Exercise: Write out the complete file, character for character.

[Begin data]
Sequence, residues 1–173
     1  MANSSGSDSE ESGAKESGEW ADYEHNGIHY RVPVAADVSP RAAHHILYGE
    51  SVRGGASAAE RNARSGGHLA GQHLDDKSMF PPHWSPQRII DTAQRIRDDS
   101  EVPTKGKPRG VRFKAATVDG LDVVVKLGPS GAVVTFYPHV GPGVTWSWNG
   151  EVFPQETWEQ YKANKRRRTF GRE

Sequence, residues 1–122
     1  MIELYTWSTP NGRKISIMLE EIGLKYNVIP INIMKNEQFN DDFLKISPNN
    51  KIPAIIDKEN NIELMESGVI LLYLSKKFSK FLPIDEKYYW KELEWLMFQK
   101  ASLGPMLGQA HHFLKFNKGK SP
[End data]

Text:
Sequence, residues 1–173
     1  MANSSGSDSE ESGAKESGEW ADYEHNGIHY RVPVAADVSP RAAHHILYGE
    51  SVRGGASAAE RNARSGGHLA GQHLDDKSMF PPHWSPQRII DTAQRIRDDS
   101  EVPTKGKPRG VRFKAATVDG LDVVVKLGPS GAVVTFYPHV GPGVTWSWNG
   151  EVFPQETWEQ YKANKRRRTF GRE

Sequence, residues 1–122
     1  MIELYTWSTP NGRKISIMLE EIGLKYNVIP INIMKNEQFN DDFLKISPNN
    51  KIPAIIDKEN NIELMESGVI LLYLSKKFSK FLPIDEKYYW KELEWLMFQK
   101  ASLGPMLGQA HHFLKFNKGK SP